East Alabama Medical Center is adding new restrictions in response to a hospital employee testing positive for coronavirus COVID-19

An employee at East Alabama Medical Center is the first confirmed coronavirus, or COVID-19, case in Lee County, the hospital announced.

“While EAMC has done everything possible to help prevent the spread of the virus in our region, we also believed that it was a matter of time as the virus made its way across America,” EAMC said in a statement.

The Alabama Department of Public Health announced on Sunday night the first confirmed case of the virus in Lee County. Alabama has 29 confirmed virus cases as of 7 p.m. Monday, with Jefferson County having the most confirmed cases with 17.

The Lee County patient’s symptoms are mild, and the employee had not traveled outside of Lee County before the symptoms began “making this what is considered ‘community transmission’ of the virus,” EAMC said.

“This individual is young and healthy,” Dr. Ricardo Maldonado, infectious disease specialist at EAMC, said. “This person had mild symptoms initially with mild sore throat and eventually developed a mild cough.”

The employee made an appointment with their primary doctor after symptoms worsened over several days. The doctor ordered a COVID-19 test four days ago (approximately Thursday) and the test confirmed the case Sunday, Maldonado said.

The employee is quarantined at home, Maldonado added.

Health officials have begun the process of contact tracing in partnership with the state health department.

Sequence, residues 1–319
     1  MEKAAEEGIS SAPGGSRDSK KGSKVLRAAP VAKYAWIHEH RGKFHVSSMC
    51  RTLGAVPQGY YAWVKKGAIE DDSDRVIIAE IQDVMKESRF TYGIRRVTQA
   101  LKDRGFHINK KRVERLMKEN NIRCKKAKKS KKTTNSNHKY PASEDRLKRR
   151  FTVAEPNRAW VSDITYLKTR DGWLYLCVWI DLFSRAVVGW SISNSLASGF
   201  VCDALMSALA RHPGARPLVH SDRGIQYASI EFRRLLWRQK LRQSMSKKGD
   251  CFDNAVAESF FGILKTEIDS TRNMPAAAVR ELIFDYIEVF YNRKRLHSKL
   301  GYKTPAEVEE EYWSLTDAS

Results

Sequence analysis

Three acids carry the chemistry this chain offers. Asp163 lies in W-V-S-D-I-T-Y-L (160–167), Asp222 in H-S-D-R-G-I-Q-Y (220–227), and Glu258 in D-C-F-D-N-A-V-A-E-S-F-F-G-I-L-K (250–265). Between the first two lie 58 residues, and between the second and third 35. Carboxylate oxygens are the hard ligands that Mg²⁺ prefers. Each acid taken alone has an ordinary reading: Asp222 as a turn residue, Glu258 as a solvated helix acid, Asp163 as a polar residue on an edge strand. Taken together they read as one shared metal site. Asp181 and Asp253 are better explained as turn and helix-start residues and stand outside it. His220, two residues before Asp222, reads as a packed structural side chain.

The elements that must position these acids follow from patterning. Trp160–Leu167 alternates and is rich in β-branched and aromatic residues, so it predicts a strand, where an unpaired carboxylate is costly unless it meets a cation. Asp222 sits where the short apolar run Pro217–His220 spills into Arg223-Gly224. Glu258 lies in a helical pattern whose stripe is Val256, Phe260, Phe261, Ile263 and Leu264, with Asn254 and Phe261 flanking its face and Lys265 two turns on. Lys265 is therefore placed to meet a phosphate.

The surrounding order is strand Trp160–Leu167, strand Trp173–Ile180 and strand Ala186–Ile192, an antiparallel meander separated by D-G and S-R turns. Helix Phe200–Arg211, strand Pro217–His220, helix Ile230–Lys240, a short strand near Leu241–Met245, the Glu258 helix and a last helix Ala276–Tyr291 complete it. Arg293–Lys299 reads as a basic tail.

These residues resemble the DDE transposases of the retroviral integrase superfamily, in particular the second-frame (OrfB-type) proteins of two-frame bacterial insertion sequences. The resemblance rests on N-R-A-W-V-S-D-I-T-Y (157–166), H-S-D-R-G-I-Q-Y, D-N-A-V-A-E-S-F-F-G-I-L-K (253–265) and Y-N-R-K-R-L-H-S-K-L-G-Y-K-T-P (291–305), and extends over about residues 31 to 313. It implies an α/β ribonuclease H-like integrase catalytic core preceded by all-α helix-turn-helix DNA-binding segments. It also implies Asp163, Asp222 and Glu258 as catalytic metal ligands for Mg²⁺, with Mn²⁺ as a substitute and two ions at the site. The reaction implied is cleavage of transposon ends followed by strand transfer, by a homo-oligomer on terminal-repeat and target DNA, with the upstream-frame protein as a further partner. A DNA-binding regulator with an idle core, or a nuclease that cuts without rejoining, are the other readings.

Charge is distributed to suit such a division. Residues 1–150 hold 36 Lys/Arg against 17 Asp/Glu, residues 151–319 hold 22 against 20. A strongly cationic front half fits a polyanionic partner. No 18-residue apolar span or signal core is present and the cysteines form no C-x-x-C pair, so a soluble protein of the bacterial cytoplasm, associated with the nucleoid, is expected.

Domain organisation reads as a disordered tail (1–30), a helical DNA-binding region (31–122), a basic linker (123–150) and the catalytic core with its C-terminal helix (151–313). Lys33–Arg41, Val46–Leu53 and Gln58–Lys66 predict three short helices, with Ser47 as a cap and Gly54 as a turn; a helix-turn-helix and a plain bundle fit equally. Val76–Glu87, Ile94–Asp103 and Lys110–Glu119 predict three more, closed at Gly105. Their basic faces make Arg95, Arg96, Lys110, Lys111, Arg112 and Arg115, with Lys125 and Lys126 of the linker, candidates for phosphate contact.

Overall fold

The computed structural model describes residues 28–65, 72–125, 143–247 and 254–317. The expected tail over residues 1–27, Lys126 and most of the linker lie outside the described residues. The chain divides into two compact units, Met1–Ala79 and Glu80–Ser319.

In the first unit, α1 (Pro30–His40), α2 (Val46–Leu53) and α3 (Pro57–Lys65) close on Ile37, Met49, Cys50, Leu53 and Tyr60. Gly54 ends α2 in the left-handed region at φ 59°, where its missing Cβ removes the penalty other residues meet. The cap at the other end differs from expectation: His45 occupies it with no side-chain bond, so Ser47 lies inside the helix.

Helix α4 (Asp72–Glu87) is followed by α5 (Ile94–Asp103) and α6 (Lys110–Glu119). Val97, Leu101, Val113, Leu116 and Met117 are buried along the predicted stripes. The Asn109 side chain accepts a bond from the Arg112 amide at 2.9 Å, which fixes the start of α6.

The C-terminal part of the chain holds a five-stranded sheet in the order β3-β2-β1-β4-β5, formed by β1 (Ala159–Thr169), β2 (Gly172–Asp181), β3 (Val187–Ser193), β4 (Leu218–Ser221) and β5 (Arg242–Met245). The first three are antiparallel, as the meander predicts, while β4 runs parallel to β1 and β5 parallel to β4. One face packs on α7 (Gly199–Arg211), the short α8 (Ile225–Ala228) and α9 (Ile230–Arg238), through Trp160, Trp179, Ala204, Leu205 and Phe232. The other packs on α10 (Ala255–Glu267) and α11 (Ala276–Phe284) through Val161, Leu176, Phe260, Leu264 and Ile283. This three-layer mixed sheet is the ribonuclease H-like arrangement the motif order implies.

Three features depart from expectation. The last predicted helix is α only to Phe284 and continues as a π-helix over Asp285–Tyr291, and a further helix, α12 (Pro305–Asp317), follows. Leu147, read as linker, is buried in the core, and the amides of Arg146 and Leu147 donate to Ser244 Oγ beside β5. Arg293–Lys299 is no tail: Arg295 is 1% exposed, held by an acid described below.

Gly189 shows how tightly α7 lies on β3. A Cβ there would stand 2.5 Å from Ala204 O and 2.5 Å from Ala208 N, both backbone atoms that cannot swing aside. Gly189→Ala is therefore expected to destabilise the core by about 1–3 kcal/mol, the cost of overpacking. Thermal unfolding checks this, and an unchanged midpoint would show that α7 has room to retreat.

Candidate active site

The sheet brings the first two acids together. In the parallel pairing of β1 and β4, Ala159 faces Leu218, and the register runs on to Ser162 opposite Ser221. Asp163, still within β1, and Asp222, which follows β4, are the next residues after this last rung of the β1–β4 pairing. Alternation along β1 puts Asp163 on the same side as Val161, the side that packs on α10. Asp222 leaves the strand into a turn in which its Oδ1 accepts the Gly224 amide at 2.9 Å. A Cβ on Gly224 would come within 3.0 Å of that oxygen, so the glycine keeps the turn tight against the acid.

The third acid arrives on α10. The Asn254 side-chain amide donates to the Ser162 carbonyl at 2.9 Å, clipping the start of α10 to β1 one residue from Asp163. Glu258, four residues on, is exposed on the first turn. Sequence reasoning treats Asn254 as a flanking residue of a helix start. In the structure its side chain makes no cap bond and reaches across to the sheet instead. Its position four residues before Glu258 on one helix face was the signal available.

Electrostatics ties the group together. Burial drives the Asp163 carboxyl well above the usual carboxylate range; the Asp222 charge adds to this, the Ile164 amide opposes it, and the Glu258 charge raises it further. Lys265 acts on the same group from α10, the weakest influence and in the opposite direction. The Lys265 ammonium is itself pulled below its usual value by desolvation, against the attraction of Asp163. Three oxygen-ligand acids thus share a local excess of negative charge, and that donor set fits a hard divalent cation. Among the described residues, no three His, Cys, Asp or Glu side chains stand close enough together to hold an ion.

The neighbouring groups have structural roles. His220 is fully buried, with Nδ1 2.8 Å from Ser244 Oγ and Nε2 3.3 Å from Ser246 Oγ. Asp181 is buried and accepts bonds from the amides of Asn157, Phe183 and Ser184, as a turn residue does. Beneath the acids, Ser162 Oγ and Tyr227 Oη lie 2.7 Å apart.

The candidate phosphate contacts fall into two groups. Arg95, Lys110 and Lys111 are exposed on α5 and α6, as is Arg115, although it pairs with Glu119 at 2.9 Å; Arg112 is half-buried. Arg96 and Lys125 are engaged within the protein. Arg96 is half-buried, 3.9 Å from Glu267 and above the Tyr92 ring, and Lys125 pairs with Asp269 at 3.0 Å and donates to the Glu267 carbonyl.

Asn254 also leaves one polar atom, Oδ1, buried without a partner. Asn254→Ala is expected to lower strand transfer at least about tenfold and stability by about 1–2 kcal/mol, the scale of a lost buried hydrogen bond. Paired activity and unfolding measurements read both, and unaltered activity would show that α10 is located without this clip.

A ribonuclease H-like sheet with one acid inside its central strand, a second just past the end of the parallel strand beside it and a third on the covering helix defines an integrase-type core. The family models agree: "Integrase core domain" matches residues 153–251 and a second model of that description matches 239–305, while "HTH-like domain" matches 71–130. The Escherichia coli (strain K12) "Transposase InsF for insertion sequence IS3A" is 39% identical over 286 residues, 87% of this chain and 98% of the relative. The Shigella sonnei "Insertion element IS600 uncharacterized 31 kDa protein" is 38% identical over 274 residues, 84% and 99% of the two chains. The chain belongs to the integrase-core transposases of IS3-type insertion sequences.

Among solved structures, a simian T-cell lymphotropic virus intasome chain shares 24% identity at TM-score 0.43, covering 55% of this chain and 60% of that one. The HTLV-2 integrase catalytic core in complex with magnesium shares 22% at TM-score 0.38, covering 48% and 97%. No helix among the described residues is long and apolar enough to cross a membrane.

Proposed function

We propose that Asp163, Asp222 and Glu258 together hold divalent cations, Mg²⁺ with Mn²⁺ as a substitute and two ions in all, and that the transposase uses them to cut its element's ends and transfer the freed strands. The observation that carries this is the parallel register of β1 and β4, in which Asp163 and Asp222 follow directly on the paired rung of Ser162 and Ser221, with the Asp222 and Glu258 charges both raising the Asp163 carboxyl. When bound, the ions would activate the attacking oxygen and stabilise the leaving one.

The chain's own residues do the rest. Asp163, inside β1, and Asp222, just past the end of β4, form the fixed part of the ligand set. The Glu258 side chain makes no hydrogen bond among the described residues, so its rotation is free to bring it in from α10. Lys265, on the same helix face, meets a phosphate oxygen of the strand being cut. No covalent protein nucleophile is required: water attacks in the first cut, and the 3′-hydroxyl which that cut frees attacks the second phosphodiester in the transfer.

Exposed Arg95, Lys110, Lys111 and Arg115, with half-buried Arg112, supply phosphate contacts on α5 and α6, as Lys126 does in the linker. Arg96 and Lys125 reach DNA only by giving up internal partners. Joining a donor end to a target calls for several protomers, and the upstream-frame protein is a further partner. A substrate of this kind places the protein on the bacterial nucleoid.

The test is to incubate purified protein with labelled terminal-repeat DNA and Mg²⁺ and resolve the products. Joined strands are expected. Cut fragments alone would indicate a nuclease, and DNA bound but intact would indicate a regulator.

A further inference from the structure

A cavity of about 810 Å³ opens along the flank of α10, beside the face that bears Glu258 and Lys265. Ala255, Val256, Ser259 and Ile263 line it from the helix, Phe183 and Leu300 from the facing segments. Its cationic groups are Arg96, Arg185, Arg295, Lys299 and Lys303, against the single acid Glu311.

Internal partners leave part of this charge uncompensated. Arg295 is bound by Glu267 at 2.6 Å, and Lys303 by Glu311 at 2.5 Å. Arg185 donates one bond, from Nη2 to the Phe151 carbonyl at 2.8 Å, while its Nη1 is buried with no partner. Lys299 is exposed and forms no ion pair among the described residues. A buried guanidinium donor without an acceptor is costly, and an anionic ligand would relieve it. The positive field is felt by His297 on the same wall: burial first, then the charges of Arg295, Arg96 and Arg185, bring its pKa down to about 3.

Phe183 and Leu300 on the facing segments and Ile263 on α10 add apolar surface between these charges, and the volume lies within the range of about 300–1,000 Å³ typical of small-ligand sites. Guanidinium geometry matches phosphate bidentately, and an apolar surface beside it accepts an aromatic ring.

“Which means we’re trying to see how many other people, including patients or healthcare workers who could have been exposed to this person,” Maldonado said.

EAMC’s response

EAMC has canceled most elective procedures in response to the confirmed virus case. The hospital is also taking all extra precautions to stop the spread of the virus.

“In addition, we have implemented a plan to perform deep cleaning in all patient care areas,” EAMC said in a statement. “Employees are actively practicing meticulous infection control and the use of personal protective equipment.”

Hospital employees will have to check in before they can enter the facility.

“A few weeks ago, we were focusing on employees who were traveling to high-risk areas,” Brooke Bailey, Infection Prevention Director at EAMC, said. “Now every employee is high risk, in our opinion, and they will have to check in before coming to work.”

The hospital is reducing the number of entries into its facility through a single entry port. All visitors will be screened, including symptoms and a temperature check, and must have a visitor pass before entering the hospital, said Bailey.

EAMC reminds the community to wash hands and do not go to work, school or public areas if showing any signs of illness or not feeling well.

The hospital asks that anyone showing symptoms, including fever, cough or shortness of breath, to call 528-SICK.

What it means

The discovery of the first case in Lee County only confirmed something health officials knew for a long time: Community transmission of the disease was taking place.

“This is very important,” Maldonado said. “We have not been able to identify earlier cases because of the lack of testing.”

Health care workers have learned that COVID-19 is highly contagious and can cause mild symptoms, especially in healthy, young people.

“In order to contain this outbreak, we have to understand that … what we want to avoid here is a rapid increase of cases,” said Maldonado. “The best tool we have is social distancing.”

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